Classic Texts

It was September 1966. I was beginning my Chemistry major at Queen’s and I needed a textbook for my Organic Chemistry 280 course.

I was given a choice of three possible reference texts:

A classic volume which first came out in World War 2 – Fieser and Fieser.

A well respected and popular text of general utility – Morrison and Boyd.

A recently published work which featured the burgeoning topics of instrumental analysis and physical organic chemistry – Roberts and Caserio.

The safe choice would have been Morrison and Boyd. But I was a physical chemistry nerd so I took the road less traveled and selected R&C. To this day I have never regretted that decision.

Roberts and Caserio was a go-to book in my library for close to 40 years – as a food scientist, flavor laboratory manager, quality control analyst. When I retired I left it behind to serve future food technologists at Unilever. I suspect it has now vanished into the mists of time.

Imagine my surprise when I recently discovered that the Roberts and Caserio 2nd edition – 1977 – is now online at Libretexts. I suppose the copyright has been assigned there. Jack Roberts passed away in 2016 and Marjorie Caserio also passed away in 2021, so no new edition would be forthcoming.

For those who wish to have real bound textbooks, it’s possible to get copies of both Roberts and Caserio AND Morrison and Boyd from used booksellers like Alibris for as little as $5 plus shipping. So if you’re nostalgic for these classic texts feel free to check it out.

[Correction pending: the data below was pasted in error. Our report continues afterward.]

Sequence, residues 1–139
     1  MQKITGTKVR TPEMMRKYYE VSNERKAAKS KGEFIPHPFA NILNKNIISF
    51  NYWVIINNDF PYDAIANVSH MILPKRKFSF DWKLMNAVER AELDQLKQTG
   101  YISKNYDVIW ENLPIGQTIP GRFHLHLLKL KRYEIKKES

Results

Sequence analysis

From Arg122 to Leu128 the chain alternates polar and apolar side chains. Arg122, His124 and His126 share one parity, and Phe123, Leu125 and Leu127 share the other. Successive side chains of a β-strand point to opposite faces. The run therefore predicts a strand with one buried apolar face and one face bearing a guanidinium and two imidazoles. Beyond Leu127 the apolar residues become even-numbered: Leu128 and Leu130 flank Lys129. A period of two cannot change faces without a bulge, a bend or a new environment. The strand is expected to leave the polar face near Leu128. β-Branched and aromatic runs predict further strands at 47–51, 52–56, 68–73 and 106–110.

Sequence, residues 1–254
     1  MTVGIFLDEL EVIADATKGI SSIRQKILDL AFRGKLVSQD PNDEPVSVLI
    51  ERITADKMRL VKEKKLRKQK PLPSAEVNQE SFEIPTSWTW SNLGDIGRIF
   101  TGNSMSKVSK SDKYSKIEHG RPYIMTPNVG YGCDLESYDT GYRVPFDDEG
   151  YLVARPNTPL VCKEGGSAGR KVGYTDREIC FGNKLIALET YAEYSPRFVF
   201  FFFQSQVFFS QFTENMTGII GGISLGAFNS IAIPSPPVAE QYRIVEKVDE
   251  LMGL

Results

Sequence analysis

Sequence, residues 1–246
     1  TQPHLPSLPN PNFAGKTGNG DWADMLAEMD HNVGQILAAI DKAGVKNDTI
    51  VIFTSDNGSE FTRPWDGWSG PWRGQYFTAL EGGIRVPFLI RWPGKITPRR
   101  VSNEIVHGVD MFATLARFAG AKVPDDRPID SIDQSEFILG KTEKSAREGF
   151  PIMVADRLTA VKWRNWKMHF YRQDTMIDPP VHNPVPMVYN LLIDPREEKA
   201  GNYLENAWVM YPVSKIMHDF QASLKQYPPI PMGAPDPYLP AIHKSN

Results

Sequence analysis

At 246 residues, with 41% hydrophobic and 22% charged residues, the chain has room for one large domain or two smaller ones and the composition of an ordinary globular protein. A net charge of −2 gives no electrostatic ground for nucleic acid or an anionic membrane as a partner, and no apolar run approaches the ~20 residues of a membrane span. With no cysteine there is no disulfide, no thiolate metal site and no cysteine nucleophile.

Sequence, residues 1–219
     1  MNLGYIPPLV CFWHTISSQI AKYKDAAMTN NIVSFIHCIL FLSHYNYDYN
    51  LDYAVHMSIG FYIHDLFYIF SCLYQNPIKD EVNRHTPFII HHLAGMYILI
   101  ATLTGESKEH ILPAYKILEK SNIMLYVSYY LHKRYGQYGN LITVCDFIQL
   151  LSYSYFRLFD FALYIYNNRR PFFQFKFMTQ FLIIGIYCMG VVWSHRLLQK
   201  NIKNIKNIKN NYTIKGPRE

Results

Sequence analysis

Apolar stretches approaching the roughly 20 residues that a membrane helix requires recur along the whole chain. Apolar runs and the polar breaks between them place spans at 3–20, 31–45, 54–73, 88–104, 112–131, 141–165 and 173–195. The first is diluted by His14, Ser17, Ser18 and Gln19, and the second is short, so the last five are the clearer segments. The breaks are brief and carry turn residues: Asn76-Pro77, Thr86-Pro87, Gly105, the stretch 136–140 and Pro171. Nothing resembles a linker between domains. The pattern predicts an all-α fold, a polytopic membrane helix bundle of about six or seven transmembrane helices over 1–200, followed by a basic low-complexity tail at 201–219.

There is a significant difference between the older textbooks and more recent ones. Back in the 60s, organic chemistry had a long history of pot-boiling techniques that went back to the late 1800s. Textbooks concentrated on classical molecular structure, nomenclature, functional groups, wet chemistry and learning a lot of famous “name” reactions. Today we have much more emphasis on instrumentation for structure determination, kinetics and mechanism of reactions, biochemistry and biomedical applications. The old textbooks have their charms though – if only to look good on a bookshelf.

Published by Ray MacDonald

Ray MacDonald is a retired food scientist who lives in Almonte, ON.

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